The Third Policeman is Flann O’Brien’s brilliantly dark comic novel about the nature of time, death, and existence. Told by a narrator who has committed a botched robbery and brutal murder, the novel follows him and his adventures in a two-dimensional police station where, through the theories of the scientist/philosopher de Selby, he is introduced to “Atomic Theory” and its relation to bicycles, the existence of eternity (which turns out to be just down the road), and de Selby’s view that the earth is not round but “sausage-shaped.” With the help of his newly found soul named “Joe,” he grapples with the riddles and contradictions that three eccentric policeman present to him.
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Pulp is the last completed novel by Los Angeles poet and writer Charles Bukowski. It was published in 1994, shortly before Bukowski’s death. He began writing it in 1991 and encountered several problems during its creation. He fell ill during the spring of 1993, only three-quarters of the way through Pulp.
Unlike many of his other works this was a fictional novel; however, Pulp was indeed similar to his other works in the way that it was mildly autobiographical.
Pulp is a pulp fiction novel which acts also as a meta-pulp. Pulp comments on the obsessions of the pulp fiction genre, making fun of itself as stereotypical of the genre in the grimiest form. Bukowski dedicates the story to “bad writing”, as Bukowski did not plan his mystery novel well and frequently wrote Nicky Belane into holes he could not escape from. Bukowski wrote some of his most violent, cynical, sarcastic, and shocking work during the final months of his life. Many critics have agreed this was likely Bukowski showing his acceptance of his own inevitable death in his writing.
A convoluted detective story about a hard-boiled private eye who solves his cases by waiting them out, Pulp evokes Raymond Chandler, an author who lived in Los Angeles and set stories there, as did Bukowski. The novel also bears similarity to some works by Dashiell Hammett; and the name of character Nicky Belane rhymes suggestively with the name of author Mickey Spillane as well as Casablanca‘s main character Rick Blaine.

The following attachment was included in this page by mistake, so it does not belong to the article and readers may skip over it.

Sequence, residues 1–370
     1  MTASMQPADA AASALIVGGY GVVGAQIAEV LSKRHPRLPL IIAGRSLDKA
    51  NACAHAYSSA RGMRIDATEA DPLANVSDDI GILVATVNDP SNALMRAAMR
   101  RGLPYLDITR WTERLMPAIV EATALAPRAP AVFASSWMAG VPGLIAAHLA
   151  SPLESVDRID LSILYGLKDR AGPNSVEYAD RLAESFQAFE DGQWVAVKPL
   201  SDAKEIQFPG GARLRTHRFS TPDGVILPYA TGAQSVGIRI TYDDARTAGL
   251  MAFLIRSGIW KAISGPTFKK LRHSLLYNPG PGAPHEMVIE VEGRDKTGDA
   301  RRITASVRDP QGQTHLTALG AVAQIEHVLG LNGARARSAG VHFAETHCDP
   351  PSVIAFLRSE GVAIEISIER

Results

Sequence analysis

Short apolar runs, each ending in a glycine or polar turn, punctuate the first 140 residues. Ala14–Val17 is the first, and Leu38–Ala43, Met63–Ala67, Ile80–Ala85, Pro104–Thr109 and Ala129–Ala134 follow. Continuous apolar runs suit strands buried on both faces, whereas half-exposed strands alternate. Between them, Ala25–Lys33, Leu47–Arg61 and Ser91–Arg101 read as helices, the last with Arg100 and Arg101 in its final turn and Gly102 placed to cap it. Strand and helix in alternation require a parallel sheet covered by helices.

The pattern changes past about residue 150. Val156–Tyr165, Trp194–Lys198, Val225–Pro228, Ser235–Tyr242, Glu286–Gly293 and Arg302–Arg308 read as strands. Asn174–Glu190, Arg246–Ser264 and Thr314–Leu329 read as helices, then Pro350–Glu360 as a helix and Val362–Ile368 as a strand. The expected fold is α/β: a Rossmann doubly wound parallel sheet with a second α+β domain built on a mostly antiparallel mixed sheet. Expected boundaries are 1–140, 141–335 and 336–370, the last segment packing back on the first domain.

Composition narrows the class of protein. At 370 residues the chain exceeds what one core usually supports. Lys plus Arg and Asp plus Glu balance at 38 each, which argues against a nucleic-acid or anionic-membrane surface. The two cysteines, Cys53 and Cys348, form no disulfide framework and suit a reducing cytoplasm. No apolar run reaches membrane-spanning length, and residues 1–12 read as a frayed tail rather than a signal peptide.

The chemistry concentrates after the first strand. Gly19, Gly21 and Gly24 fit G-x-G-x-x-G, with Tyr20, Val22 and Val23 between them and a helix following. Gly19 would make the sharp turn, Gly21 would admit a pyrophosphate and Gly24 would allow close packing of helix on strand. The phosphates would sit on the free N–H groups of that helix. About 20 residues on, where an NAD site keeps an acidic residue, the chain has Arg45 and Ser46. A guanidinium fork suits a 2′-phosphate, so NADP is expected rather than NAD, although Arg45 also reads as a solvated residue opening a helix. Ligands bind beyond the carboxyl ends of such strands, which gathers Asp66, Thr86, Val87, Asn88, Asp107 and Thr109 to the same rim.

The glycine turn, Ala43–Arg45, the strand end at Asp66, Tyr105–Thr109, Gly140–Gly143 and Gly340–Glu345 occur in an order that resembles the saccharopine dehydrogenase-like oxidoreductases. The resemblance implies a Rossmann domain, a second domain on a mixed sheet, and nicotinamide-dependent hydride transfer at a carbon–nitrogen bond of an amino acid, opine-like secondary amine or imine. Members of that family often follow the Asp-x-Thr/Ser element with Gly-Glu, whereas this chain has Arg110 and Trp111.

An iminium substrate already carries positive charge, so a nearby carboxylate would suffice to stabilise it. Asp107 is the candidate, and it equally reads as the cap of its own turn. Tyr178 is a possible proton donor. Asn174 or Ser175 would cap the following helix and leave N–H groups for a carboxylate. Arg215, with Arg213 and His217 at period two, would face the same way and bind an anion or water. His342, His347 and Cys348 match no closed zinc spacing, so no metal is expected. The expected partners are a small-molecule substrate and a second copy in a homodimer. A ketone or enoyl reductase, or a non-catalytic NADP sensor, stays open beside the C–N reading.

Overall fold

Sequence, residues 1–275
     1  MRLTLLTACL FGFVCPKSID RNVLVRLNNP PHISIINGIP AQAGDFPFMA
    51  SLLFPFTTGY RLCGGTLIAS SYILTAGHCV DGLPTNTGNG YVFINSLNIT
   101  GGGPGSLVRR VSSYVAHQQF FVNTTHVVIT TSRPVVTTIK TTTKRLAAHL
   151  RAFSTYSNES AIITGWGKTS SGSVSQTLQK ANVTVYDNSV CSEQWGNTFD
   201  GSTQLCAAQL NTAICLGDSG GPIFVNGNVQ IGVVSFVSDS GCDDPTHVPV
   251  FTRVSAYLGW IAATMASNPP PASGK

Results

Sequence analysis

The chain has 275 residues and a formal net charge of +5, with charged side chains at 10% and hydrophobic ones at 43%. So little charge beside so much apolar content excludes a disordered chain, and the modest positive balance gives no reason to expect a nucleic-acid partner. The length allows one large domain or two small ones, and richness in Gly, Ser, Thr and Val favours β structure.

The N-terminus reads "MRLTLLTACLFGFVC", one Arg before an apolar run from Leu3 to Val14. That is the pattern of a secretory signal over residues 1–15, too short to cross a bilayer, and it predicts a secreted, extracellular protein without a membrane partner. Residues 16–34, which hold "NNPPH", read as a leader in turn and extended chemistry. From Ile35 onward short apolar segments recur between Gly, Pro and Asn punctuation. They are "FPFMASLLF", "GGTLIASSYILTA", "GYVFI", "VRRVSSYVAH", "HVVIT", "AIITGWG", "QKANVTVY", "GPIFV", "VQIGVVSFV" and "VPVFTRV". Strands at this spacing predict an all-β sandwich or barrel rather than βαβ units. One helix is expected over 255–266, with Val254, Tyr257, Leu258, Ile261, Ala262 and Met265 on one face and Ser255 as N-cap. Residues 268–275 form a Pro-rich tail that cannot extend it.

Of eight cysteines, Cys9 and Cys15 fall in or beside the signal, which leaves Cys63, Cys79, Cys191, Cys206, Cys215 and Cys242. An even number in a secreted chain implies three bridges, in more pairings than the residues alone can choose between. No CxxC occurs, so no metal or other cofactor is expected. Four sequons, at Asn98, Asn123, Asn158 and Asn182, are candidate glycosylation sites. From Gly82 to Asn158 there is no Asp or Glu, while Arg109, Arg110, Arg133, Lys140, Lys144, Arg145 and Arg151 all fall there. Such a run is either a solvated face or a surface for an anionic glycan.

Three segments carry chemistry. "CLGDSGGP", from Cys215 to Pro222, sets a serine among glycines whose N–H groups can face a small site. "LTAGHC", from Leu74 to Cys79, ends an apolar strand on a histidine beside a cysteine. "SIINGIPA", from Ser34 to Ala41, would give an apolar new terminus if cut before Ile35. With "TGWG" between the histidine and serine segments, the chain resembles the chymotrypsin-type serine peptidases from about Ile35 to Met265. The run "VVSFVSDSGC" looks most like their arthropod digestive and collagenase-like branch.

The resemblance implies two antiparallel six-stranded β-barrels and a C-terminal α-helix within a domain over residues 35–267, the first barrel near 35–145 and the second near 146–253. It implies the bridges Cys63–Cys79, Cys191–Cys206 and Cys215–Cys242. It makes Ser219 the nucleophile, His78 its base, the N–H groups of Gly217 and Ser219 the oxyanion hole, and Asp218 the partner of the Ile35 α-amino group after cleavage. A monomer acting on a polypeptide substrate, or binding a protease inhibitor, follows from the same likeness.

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In reality, Hiro Protagonist delivers pizza for Uncle Enzo’s CosoNostra Pizza Inc., but in the Metaverse he’s a warrior prince. Plunging headlong into the enigma of a new computer virus that’s striking down hackers everywhere, he races along the neon-lit streets on a search-and-destroy mission for the shadowy virtual villain threatening to bring about infocalypse. Snow Crash is a mind-altering romp through a future America so bizarre, so outrageous…you’ll recognize it immediately.
Neal Stephenson explained the title of the novel as his term for a particular software failure mode on the early Apple Macintosh computer. “When the computer crashed and wrote gibberish into the bitmap, the result was something that looked vaguely like static on a broken television set — a ‘snow crash’ ”.
The book presents the Sumerian language as the firmware programming language for the brainstem, which is supposedly functioning as the BIOS for the human brain. According to characters in the book, the goddess Asherah is the personification of a linguistic virus, similar to a computer virus. The god Enki created a counter-program which he called a nam-shub that caused all of humanity to speak different languages as a protection against Asherah (a re-interpretation of the ancient Near Eastern story of the Tower of Babel).
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Quentin Coldwater is brilliant but miserable. A senior in high school, he’s still secretly preoccupied with a series of fantasy novels he read as a child, set in a magical land called Fillory. Imagine his surprise when he finds himself unexpectedly admitted to a very secret, very exclusive college of magic in upstate New York, where he receives a thorough and rigorous education in the craft of modern sorcery. He also discovers friendship, love, sex, booze, and boredom. Something is missing, though. Magic doesn’t bring Quentin the happiness and adventure he dreamed it would. After graduation he and his friends make a stunning discovery: Fillory is real. But the land of Quentin’s fantasies turns out to be much darker and more dangerous than he could have imagined. His childhood dream becomes a nightmare with a shocking truth at its heart.
At once psychologically piercing and magnificently absorbing, The Magicians boldly moves into uncharted literary territory, imagining magic as practiced by real people, with their capricious desires and volatile emotions. Lev Grossman creates an utterly original world in which good and evil aren’t black and white, love and sex aren’t simple or innocent, and power comes at a terrible price.